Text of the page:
“With each of my three children, I had some form of post-partum.”
So goes the exchange between the US’s unofficial First Lady Ivanka Trump and Dr Mehmet Oz – better known as Dr Oz – on his weekday talk show.
Ivanka, the all-American poster girl for brains, beauty, politics and motherhood, told the world a carefully curated Instagram feed, branding strategy and perfectly tied, ribbon-bearing ponytail are only small slices of her real life.
“It was a very challenging, emotional time for me because I felt like I was not living up to my potential as a parent or as an entrepreneur and an executive. And I had had such easy pregnancies, that in some way the juxtaposition hit me even harder,” she went on.
“I consider myself a very hard-charging person, I am ambitious, I’m passionate, I’m driven but this is something that affects parents all over the country.”
Trump is the mother of Arabella who is six, Joseph who is three and Theodore, aged 17 months.
When pressed by Dr Oz as to why now, after a lifetime in the eye of the public, she chose to tell her story, Trump conceded she hadn’t intended to. She was asked a question and, well, the issue is “incredibly important”.
And yes, the conversation IS important. At a local level, more than one in seven new mums, and up to one in 10 new dads, experience postnatal depression each year in Australia.
As Perinatal Anxiety & Depression Australia (PANDA) says, it can be “a frightening and isolating experience”.
Like all mental illnesses, it has taken time in the limelight, consistent and compassionate public conversations and the occasional admission from someone famous that they’ve suffered – who we know and love – for our perception of post-natal depression to be considered in a sphere of legitimacy and understanding.
We’ve come quite a way. But there’s a long way to go.
Ivanka is famous, has unparalleled influence and has opened her mouth about mental illness, knowing full well how much it will demand of the news cycle. It’s a great, important thing.
Amelia Lester and Mia Freedman unpack Jared Kushner and Ivanka Trump’s spectacular fall from grace. Post continues.
So why hasn’t the response to Ivanka’s frank admission been one of understanding and compassion?
Bluntly, because Ivanka Trump – unlike her father – has rarely spoken a public word without purpose and agenda.
Everything about her life is manicured to perfection. Styled and controlled to convey a specific image and female persona, to push and pull and carve public opinion. It’s the PR life many politicians know.
So naturally, people are suspicious she is not being authentic, and opinions are divided. Journalists, Americans and Twitter-users alike have been both charitable and cynical with their responses.
Buzzfeed’s senior culture writer – and holder of a Ph.D, who wrote a thesis on the gossip industry – Anne Helen Peterson wrote:
“Postpartum depression awareness is v. important but the timing of the release of this information is not accidental. I, Ivanka, also suffer,” she wrote on Twitter.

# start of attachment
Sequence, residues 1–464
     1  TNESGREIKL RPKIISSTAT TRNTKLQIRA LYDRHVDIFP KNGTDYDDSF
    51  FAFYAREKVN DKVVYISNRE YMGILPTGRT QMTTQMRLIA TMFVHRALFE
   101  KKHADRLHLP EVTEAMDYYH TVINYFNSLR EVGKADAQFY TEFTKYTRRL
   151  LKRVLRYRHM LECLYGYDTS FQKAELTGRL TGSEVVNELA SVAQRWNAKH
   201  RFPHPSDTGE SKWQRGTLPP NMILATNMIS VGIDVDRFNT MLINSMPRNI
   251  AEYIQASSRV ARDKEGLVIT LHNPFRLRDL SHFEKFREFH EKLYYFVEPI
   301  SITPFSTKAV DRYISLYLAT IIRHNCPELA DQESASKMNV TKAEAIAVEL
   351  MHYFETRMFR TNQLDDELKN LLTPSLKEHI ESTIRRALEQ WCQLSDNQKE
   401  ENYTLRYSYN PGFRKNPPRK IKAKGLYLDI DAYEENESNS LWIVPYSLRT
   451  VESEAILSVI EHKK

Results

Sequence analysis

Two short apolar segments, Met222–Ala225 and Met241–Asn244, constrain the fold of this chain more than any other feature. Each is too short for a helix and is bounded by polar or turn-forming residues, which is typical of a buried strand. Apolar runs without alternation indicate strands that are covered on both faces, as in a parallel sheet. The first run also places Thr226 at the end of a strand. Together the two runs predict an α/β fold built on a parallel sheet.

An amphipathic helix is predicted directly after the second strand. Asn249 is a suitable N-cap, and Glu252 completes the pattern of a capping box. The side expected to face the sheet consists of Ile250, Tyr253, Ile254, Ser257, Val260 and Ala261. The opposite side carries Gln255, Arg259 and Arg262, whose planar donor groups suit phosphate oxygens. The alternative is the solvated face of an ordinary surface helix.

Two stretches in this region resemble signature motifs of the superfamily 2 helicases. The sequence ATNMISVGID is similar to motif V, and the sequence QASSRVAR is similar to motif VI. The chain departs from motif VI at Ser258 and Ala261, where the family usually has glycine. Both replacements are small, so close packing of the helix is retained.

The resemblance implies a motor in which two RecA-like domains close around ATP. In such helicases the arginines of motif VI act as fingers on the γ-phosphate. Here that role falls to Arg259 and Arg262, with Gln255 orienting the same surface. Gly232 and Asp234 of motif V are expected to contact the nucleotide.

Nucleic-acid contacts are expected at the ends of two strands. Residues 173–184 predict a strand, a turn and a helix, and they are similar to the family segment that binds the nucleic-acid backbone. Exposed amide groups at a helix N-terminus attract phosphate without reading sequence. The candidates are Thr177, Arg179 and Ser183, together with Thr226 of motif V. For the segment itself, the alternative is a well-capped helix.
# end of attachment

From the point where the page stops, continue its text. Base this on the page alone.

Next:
Sarah Ellison of Vanity Fair was scalding in her lengthy feature on the spectacular fall of Jared and Ivanka, writing:
“Their inflated sense of self-importance, lack of political experience, and inability to recognise either, have made them almost universally disliked in Washington.”
It’s clear that the Ivanka and Jared brand – the young progressives with the ear of the President and the good of America front of mind- has taken quite a hit.
And it all points to one fact: Ivanka can't be a real woman talking about her experience.
But why not? Why is it so impossible to imagine Donald Trump's daughter suffering from post-natal depression? She is a human being, with human feelings, inside a human political machine. Like anyone in that position, it's likely that for Ivanka, post-natal depression is just the tip of the iceberg.
Then, there are the raised eyebrows pointing squarely at the Republicans' proposed healthcare bill.
According to The Washington Post, the health-care repeal plan Senate Republicans could vote on next week could make it much harder for mothers to get pre and post natal care.
The irony, on many, wasn't lost. As Peterson wrote, it's the timing that's changed everything.
One thing is certain: Ivanka Trump doesn't exist in a vacuum.
Is it really about Ivanka, and our cynicism of her PR machine, or is it really just about the fact we still struggle to see privilege and mental illness as anything other than mutually exclusive?
After all, there's no reason post-natal depression can't look like Ivanka Trump.
If you or anyone you know is struggling with their mental health, please contact one of the following: Lifeline on 13 11 14, Kids Helpline on 1800 551 800, Suicide Call Back Service on 1300 659 467, Beyond Blue on 1300 22 46 36 or Headspace on 1800 650 890. If you are in immediate danger, call 000.